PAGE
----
West of Paradise, Galatia
“Any sign of her?” Gideon asks suddenly.
Shaking her head, Sylvia answers, “Nothing just yet.”
Gideon continues scanning the foliage and trees around himself as Sylvia works her way back to him from the detour she had taken into the brush.
The duo had been searching the area surrounding the building they had spent the night in for much of the early morning. Ever since the first rays of light worked their way through the cracks in the old building, they had been up, looking for Meghan.
There was no knowing where the girl went for sure, Gideon could now see that she was a lot better at hiding her tracks then he thought he would ever be able to do.
The only evidence that Meghan had even been here was the bump on the back of his head and Sylvia’s still-simmering anger.
Breaking through the last layer of sticks between her and Gideon, Sylvia huffs, “Think we should check the river?”
Gideon allows himself a brief shudder as the thought of unseen river hybrids flashes through his imagination. Land-based monsters was one thing, he could see them coming. The thought of beasts hiding in water he couldn’t see into was entirely another.
And then there was the matter of his never seeing a river before. He had no idea if they were dangerous, drinkable, or if there were any critters in them at all.
Seeing that Gideon wasn’t answering, Sylvia repeats herself, this time saying it as more of a statement, “We should check the river.”
Nodding silently, Gideon follows Sylvia as they double back and make for the river that hemmed in one side of the structure that they had lodged in. Pursing his lips, Gideon assures himself that there was no such thing as river monsters. None of the textbooks mentioned any tests with any animals that belonged in the water. The river had to be the safest place in the wilderness.
“You know, I’ve always enjoyed the river,” Sylvia starts in a chit-chat tone that didn’t match their current dire straits.
Despite the disparity, Gideon can’t help but join in though, something about talking felt relieving. Like it could distract him from his current surroundings long enough to remind himself that he was human and had a future. Taking a breath, Gideon asks, “You’ve been to a river before?”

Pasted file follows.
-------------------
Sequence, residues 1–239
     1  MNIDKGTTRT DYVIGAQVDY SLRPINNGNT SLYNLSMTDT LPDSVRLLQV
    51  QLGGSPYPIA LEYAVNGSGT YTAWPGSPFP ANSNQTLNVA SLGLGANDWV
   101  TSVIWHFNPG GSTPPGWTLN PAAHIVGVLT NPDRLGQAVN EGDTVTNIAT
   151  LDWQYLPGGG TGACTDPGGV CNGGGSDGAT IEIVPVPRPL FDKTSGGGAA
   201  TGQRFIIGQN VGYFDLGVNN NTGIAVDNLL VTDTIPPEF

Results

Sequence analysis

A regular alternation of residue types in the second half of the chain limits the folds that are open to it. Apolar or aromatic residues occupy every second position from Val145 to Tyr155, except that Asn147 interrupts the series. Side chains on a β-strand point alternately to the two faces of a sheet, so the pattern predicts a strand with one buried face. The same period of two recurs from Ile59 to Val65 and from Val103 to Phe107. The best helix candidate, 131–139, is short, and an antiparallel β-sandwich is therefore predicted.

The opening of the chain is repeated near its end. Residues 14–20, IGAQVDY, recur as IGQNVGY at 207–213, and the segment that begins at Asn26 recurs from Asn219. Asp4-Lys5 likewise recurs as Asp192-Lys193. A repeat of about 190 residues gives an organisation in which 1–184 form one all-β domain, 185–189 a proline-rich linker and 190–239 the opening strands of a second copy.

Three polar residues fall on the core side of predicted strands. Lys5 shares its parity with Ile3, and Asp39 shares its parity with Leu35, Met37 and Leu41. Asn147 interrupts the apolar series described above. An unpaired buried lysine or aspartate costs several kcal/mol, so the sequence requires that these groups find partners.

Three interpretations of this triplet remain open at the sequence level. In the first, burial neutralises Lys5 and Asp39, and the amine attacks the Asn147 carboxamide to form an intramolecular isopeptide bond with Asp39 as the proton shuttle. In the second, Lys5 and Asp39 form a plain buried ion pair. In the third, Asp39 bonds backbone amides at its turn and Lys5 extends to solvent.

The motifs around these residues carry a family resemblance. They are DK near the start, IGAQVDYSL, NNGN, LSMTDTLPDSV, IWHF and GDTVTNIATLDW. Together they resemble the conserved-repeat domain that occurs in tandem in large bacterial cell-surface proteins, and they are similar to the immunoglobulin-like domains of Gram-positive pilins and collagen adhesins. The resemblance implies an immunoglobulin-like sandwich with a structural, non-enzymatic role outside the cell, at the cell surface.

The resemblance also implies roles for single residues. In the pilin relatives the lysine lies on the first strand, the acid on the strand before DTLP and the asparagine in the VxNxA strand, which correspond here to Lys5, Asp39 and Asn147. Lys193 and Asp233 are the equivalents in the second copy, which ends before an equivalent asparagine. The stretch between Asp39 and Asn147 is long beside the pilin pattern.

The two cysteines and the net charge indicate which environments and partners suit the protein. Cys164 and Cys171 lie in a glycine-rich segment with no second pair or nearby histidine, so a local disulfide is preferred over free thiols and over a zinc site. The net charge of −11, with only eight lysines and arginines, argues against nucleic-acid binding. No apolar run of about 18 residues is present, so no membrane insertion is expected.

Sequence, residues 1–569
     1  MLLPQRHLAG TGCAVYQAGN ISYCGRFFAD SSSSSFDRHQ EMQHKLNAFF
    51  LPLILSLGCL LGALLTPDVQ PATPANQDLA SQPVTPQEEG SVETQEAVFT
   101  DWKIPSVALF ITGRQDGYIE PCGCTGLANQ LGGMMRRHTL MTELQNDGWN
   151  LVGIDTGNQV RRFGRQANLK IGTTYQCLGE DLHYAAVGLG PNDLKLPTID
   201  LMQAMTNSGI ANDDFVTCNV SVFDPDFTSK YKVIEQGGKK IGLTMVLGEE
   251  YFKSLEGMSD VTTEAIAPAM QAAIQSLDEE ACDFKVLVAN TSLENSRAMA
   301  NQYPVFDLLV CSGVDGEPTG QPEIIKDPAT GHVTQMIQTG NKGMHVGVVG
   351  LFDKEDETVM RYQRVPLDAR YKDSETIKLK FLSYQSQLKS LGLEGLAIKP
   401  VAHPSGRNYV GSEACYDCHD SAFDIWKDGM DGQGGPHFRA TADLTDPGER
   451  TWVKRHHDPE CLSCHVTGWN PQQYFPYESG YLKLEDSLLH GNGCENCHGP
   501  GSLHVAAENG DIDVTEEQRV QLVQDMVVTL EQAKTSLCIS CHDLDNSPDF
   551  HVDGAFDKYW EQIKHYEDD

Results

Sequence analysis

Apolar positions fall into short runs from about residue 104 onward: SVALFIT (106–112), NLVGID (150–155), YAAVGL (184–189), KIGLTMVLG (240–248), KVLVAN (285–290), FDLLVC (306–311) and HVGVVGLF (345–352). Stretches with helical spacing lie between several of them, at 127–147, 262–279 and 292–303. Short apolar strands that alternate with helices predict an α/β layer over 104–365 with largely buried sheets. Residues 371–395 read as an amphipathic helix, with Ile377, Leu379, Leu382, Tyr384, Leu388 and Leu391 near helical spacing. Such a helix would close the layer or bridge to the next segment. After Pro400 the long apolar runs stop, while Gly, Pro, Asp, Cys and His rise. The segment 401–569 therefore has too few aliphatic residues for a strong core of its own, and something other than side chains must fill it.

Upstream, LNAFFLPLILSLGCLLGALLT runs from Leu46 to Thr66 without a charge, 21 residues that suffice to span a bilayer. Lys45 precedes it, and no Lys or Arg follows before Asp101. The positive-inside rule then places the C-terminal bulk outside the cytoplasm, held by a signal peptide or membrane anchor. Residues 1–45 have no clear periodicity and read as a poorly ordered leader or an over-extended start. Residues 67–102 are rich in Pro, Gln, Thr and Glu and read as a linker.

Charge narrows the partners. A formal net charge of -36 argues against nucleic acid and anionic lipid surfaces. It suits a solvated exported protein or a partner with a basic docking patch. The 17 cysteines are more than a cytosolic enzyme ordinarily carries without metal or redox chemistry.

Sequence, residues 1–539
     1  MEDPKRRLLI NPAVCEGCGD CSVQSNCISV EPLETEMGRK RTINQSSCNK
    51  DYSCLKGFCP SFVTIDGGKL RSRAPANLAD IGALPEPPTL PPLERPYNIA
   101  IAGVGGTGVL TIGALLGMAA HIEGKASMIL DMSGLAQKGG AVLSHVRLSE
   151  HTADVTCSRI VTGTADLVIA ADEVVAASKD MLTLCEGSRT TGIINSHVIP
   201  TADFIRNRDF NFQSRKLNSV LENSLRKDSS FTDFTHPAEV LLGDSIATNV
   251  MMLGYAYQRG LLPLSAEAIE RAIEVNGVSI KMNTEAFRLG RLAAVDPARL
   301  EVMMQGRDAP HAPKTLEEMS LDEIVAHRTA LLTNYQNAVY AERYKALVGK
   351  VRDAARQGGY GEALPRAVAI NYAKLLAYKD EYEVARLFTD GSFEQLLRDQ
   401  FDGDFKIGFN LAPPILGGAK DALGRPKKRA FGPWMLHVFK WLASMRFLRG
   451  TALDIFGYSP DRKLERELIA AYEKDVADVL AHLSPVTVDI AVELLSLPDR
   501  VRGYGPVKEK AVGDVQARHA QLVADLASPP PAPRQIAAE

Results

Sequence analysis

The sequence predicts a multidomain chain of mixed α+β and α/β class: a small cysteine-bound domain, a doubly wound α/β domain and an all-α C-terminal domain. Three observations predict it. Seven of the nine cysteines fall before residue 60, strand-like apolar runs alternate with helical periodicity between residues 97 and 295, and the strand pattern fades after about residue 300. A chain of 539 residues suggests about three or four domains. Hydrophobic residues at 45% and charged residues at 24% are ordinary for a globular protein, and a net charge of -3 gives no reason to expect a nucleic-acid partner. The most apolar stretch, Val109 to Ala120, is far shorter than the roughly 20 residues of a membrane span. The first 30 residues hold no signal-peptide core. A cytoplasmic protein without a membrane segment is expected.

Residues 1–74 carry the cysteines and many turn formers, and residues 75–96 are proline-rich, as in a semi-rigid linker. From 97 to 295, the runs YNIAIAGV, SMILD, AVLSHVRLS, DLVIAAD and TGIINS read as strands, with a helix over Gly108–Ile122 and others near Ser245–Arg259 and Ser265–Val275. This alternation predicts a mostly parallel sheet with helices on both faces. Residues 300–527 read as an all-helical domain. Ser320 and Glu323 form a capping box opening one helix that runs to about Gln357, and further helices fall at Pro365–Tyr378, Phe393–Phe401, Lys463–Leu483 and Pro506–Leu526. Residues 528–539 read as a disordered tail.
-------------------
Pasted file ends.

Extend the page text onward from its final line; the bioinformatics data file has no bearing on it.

Nodding, Sylvia answers, “In the sims, yes.”
“The simulations that we were put through to train us. Come to think of it, I guess those rivers don’t exactly count as real rivers though.”
“What were they like?”
“The sim rivers? They were lovely… The sound of running water along felt so good, sooths the soul. It’s crazy to think that water could run so freely when we were forced to ration it so tightly at home… I think that could be why I enjoyed the sound so much, just knowing that there was so much water to be had.”
“Well, there are several kinds of beaches for rivers. Some are just dirt, some were carved straight through stone. Others were gravel, sand, and one didn’t even have a beach, it just went from plants straight to the water.” Sylvia stops and laughs, “You know, Maverick fell right through the plants, as it turns out they were floating on the surface! It took us two hours to fish him out, and by the end of it, we were all drenched.”
“Was it scary?”
Beginning to walk again, Sylvia shrugs, “Well, I guess it was, but we didn’t really think about it at the time. That was our first experience with a river, so we weren’t sure what to do exactly. It’s crazy to think they could get so much water just to use in one of the sims, now that I think about it.”
“A lot of this is crazy.”
“Yeah, it is… Hey, so what exactly were you and Meghan talking about before she… before she went crazy?”
Frowning, Gideon slowly recalls the conversation, “Nothing much, I guess. I mean, we talked about Tyson, and I was doing everything I could to make her feel less awful about it. I mean, it was horrible that she abandoned him to die, but… well, I don’t know…”
“She didn’t say anything that seemed out of the ordinary?”
“Well, she blamed herself for it all, that’s for sure. She also told me to stay away from her, said she’d get me killed too…”
“I guess I wasn’t of much help with all of that,” Sylvia turns back and frowns, “Sorry about that.”